According to the Food and Agriculture Organisation of the United Nations (FAO), Vietnam’s post harvesting losses accounted for 10% of rice production. This is largely more than some of its neighbouring countries such as Thailand for example. Considering that food losses represent unnecessary carbon emissions, reducing post harvest losses represents an opportunity to fight climate change. The topic has become a main concern for the Ressource Efficiency and Cleaner Production Program (RECP), a program funded by the Swiss State Secretariat for Economic Affairs (SECO) and conducted by the UN agency for Industrial Development (UNIDO). Understanding better the gaps and the potentials of reducing post-harvest losses at large scale in Vietnam was the subject of Anne and Emily’s last field mission in Vietnam.
The causes of post-harvest losses are diverse and vary according to rice varieties, cultivation methods, harvesting technology, logistics means and processing scale. A characterisation of the different rice culture models would help to adapt the solutions and the required capacity building. Here are some of the main causes of rice post harvest losses:
- Too early or delayed harvesting due to the unavailability of harvesting technologies or lack of drying capacity downstream ;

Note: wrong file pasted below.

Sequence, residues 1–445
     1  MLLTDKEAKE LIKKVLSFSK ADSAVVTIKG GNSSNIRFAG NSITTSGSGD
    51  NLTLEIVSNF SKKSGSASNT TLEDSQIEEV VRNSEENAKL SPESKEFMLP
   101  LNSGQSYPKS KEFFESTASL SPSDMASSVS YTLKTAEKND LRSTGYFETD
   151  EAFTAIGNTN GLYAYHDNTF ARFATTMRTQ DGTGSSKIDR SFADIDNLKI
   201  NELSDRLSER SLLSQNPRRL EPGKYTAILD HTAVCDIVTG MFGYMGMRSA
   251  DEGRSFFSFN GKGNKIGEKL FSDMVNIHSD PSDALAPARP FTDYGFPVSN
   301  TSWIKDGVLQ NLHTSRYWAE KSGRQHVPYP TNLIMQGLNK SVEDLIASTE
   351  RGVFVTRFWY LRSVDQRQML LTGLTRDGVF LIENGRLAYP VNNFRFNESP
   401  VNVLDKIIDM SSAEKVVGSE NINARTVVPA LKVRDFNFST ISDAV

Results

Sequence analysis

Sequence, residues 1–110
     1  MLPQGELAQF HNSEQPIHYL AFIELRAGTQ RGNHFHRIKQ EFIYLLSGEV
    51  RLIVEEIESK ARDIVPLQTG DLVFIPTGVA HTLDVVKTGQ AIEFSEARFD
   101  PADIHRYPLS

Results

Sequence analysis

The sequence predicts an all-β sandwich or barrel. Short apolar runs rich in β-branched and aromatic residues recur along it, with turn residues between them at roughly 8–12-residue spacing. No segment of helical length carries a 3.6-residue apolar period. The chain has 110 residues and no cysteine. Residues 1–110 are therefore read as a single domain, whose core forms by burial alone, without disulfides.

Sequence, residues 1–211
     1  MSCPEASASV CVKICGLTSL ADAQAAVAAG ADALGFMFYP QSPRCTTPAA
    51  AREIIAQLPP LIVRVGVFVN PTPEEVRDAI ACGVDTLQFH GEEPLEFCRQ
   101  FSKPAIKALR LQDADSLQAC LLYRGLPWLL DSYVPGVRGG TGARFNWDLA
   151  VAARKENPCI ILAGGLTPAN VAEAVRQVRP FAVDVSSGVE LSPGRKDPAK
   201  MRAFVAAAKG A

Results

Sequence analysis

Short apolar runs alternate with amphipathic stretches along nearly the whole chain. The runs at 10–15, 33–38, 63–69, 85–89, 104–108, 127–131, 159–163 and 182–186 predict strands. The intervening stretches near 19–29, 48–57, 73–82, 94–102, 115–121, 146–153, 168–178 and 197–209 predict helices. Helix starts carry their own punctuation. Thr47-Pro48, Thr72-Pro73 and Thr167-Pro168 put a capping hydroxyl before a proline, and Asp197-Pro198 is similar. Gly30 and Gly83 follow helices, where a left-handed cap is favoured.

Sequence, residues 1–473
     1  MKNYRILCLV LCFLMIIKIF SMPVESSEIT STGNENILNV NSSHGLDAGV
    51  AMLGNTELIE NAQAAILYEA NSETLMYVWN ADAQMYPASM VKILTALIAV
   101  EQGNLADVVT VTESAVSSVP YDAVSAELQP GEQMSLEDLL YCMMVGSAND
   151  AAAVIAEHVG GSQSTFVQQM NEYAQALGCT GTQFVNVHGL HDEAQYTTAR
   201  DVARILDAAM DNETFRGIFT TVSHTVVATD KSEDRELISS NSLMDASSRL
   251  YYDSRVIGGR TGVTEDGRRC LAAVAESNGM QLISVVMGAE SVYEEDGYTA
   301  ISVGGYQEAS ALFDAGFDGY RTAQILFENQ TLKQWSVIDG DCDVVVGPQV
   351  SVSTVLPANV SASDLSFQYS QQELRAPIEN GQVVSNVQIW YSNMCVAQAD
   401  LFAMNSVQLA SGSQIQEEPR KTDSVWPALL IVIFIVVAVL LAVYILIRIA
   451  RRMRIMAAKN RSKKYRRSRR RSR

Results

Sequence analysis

- Inefficient drying methodology or technologies;
- Bad storage involving moulding and pest infections;
- Mishandling and spillage during processing;
Picture: Post-harvest losses related to mishandling and spillage during the processing – photo by Emily Vuylsteke (Sofies)
Many researches have been conducted on the topic, for instance by IRRI (the International Rice Research Institute) or the SIEAP (applied research institute on post-harvest losses). Nevertheless, the transfer of knowledge and technologies on the field is not yet mainstreamed. Together with Loc Troi (a major supplier company in the Vietnamese rice value chain), Olam Rice (one of the largest rice buyer in Vietnam), IRRI and SIEAP, we’ve identified potential for collaboration in order to bridge the gaps and transfer knowledge and technologies where it’s the most needed.
Article by Emily Vuylsteke
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